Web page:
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Better Than New

Photo by Taylor Simpson

A guide to shopping and reselling vintage

Unlike mass-produced and low-quality “fast fashion,” which responds to quick trends and, soon after, goes into landfills, vintage fashion is extremely popular. Vintage fashion reflects quality, timelessness and nostalgia. Vintage style embodies a different time, encompassing history and culture.

Featured reseller and vintage expert Breezy Von Breezy has been selling vintage for approximately 22 years. Breezy has an incredible vintage collection, selling on Etsy, Poshmark, Depop, eBay and Instagram. Daughter of a costume designer, Breezy grew up with ornate and funky vintage clothing around her home. She turned her childhood love of playing dress up with her sister into a lucrative business mode. Breezy has a true love for vintage, especially Edwardian pieces from the 1920s and 1930s. Her most profitable flip to date was a Vivienne Westwood camel hair plaid coat from the 1980s.

Vintage sizing can be tricky, as it is much different than modern sizing. While it is advisable to select a modern size based upon the measurements for SEO purposes when reselling, always include old measurements in your listings for vintage pieces. Due to the variation in sizing, provide all chest, shoulder, sleeve, waist, hips, inseam and length measurements.

There is a global market for true American vintage. Avid collectors are passionate about authenticity, and it is crucial that vintage is dated properly. Dating vintage items can be arduous, often involving studying tags, zippers and even performing “burn tests” on fabric swatches. Breezy offers a course for dating and authenticating vintage pieces, including manufacturer and brand information, tables of materials and burn test charts and style information from each decade. With a focus on tags and labels, materials and hardware, Breezy features catalogs of labels and manufacturers to help resellers authenticate and date vintage pieces.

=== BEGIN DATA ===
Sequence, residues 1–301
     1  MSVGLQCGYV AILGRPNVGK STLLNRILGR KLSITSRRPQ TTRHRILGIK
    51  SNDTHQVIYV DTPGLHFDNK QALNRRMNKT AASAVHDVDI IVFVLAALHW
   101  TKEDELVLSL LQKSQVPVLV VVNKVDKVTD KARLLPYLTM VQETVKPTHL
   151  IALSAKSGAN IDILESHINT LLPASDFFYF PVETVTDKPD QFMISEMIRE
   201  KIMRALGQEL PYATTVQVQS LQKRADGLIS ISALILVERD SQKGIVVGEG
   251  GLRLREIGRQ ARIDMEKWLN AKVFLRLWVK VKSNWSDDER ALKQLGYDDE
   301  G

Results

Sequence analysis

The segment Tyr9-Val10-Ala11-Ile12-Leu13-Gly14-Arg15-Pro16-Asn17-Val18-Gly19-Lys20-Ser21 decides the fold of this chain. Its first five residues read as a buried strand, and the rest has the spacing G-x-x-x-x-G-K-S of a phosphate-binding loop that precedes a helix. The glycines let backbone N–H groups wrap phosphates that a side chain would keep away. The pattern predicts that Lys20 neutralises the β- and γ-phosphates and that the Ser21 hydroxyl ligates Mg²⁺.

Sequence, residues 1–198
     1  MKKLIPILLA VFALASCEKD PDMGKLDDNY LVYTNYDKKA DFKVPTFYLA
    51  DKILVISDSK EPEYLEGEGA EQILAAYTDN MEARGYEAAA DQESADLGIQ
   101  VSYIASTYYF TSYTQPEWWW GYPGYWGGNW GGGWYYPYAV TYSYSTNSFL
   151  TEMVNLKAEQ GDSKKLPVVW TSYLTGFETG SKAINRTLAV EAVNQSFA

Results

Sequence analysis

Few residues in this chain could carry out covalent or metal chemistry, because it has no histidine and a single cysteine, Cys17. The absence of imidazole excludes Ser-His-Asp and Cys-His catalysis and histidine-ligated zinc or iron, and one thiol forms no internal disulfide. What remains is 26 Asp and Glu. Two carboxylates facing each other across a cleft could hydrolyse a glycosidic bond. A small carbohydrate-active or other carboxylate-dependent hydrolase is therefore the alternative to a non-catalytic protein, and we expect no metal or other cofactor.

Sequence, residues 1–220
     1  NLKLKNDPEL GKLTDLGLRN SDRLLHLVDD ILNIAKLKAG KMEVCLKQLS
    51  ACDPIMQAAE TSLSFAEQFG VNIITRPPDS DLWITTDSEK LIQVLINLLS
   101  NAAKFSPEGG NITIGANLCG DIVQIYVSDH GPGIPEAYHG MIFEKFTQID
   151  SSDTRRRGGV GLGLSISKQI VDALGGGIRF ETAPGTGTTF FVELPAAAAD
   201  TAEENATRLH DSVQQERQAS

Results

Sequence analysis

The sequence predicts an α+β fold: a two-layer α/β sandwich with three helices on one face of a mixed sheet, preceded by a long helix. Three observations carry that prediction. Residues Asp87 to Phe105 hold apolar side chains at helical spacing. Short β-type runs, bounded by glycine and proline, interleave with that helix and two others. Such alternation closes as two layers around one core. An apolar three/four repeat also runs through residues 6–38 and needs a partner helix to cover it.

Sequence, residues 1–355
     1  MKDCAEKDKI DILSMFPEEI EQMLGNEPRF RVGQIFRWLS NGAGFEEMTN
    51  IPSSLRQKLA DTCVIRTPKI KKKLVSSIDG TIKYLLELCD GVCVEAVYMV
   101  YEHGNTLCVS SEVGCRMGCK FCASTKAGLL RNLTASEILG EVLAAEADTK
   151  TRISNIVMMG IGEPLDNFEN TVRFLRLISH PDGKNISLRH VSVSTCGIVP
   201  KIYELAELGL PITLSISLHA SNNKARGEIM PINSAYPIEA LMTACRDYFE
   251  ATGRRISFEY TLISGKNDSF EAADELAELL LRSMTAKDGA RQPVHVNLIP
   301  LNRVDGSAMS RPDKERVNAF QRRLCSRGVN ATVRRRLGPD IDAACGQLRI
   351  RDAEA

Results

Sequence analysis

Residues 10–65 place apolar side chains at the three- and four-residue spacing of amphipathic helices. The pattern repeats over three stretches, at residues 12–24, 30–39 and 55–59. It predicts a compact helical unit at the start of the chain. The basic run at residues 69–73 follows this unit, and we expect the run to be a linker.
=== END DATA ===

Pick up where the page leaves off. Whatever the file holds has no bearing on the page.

“When sourcing from estate sales, I do a little research about the original owner,” she said. “I never disclose personal information, but I include a little backstory, such as, ‘The original owner was a Broadway producer’ or ‘a well-known local seamstress.’ My buyers really enjoy knowing the story behind an item.”

Vintage Sourcing Guide: Trends, Tips & Tags for Every Decade

Early 2000s

While there are many prestigious designers from this time period, such as Christian Siriano and Marc Jacobs, it is the “younger” pop culture pieces, such as Alexander McQueen, Ed Hardy, Lisa Frank and Juicy Couture, which have the highest resale value. Millennials are purchasing clothing online inspired by their elementary school wardrobe. Popular trending pieces include baguette bags, baby tees (shrunken and unintentionally cropped T-shirts), pleated mini-skirts, velour tracksuits and lace camisoles. When sourcing, look for bling (rhinestones), pastel colors and anything that a Bratz Doll might wear.

1990s

In the 1990s, Jennifer Aniston, Drew Barrymore, Jennifer Lopez, Winona Ryder and the cast of “The Fresh Prince of Bel-Air” dominated fashion trends with their bleached tips and leather jackets. Popular Brands in the 1990s included Calvin Klein, Tommy Hilfiger, Prada, Versace, Commes des Garçons and Coogi. Some vintage band T-shirts also have an astronomical resale value. In the 1990s, new music genres, such as grunge, hip-hop and rave emerged, as did cable TV and the world wide web. Major ‘90s vibes include vibrant colors, overalls, fanny packs, mom jeans, cardigans and bucket hats. Many ’90s prints are trending, such as leopard print, acid wash jeans and crushed velvet.